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Fuchs dystrophy, corneal endothelial dystrophy - A State of Sight #19

Fuchs dystrophy, an inherited problem of the cornea, can cause blurred vision due to swelling of the cornea. Isaac Porter, MD, from Lowry Porter Ophthalmology, explains Fuchs dystrophy, including the changes that patients may notice and the treatment options available.



Welcome to A State of Sight, I’m Isaac Porter from Porter Ophthalmology and this is your update in ophthalmology and eye care. In this episode, I would like to discuss Fuchs dystrophy since we recently had a patient with Fuchs dystrophy and there’s a lot of information to share about it.
 
Fuchs dystrophy, or corneal endothelial dystrophy, is a genetic problem that  we see frequently in patients over 50 years old. To understand Fuchs dystrophy, let’s take a look at the cornea (the clear shield that covers the front of the eye) which is where this problem is.
 
The back of the cornea has a set of pumps that pump water out of the cornea and into the eye to keep the cornea thin and clear. In Fuchs dystrophy, these pumps don’t work like they should and the dysfunction can lead to swelling of the cornea and a bumpy or irregular layer on the inside of the cornea.
 
This usually starts in the center and can spread towards the sides of the cornea to involve the entire area.
 
This is a genetic condition, which means it’s passed down from parents to their children, and it’s passed in a dominant manner. If one of the parents has this problem there is a 50% chance that they will pass it on to their children.
 
When people have Fuchs dystrophy, they may notice that their vision initially begins to blur or become cloudy. Later, they may notice trouble with glare from lights at night, or that their vision is not as sharp as it used to be.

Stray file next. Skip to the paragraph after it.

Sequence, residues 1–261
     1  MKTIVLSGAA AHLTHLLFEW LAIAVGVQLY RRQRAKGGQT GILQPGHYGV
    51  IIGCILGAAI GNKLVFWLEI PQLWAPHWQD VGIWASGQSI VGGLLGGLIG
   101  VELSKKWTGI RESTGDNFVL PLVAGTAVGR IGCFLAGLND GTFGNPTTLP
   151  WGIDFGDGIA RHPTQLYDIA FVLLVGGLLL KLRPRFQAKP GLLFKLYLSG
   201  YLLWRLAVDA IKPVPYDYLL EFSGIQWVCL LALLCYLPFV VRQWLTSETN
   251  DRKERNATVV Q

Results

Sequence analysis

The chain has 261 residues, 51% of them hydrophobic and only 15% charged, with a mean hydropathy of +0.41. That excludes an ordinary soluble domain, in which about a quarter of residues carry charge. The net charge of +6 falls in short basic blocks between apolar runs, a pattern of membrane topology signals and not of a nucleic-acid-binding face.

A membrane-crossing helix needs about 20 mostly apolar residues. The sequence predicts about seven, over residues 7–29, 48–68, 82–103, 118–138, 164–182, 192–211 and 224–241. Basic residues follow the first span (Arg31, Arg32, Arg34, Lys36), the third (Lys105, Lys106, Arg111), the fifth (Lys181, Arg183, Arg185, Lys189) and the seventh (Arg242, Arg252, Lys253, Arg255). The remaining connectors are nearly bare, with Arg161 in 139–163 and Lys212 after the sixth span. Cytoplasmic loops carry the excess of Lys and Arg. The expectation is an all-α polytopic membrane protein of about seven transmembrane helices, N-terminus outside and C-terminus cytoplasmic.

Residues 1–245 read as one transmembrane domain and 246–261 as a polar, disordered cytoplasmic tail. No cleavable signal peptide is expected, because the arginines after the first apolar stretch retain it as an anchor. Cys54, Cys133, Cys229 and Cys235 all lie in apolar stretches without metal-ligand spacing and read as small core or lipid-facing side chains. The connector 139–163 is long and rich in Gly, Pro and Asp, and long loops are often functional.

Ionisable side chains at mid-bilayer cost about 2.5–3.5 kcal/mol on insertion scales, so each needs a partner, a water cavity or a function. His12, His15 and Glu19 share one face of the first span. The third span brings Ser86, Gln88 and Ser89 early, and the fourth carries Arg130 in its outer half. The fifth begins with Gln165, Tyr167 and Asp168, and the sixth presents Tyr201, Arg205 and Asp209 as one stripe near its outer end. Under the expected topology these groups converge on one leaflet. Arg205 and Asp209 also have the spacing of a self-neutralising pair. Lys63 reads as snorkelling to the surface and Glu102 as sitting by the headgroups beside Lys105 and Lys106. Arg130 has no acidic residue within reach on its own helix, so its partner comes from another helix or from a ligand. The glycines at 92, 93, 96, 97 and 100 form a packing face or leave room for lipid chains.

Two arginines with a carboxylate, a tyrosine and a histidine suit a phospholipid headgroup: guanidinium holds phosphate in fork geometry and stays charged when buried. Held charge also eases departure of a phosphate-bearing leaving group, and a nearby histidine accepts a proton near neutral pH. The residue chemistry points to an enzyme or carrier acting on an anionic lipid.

As the disease worsens, the cornea may swell and become even more cloudy, causing decreased vision, particularly after waking in the morning.
 
Often initially, vision may be clearer later in the day after the eyes have been open and exposed to the air because the cornea then has a chance to dry out some. Overnight, the swelling can return when patients’ eyes are closed during sleep since there is not as much evaporation from the cornea.
 
In the later stages, this can lead to painful swelling and breakdown of the corneal surface that can be very uncomfortable.
 
We can diagnose Fuchs dystrophy during an eye exam. Another test that gives useful information is pachymetry. With this, we measure the thickness of the cornea with a special ultrasound, which will give us an idea of the severity of the disease and help follow its progression over time.
 
Treatments for Fuchs dystrophy begin with drops that are similar to a strong salt solution which can help decrease the swelling. When this no longer works, patients may need to consider a corneal transplant in order to clear the cornea, improve vision, and also to help reduce pain (if present).
 
There are many successful treatments available for Fuchs dystrophy, including inner layer corneal transplantation with DSEK (Descemet’s Stripping Endothelial Keratoplasty) and DMEK (Descemet’s Membrane Endothelial Keratoplasty).

If you have any questions about Fuchs dystrophy please post below. We hope to see you again soon next time on A State of Sight.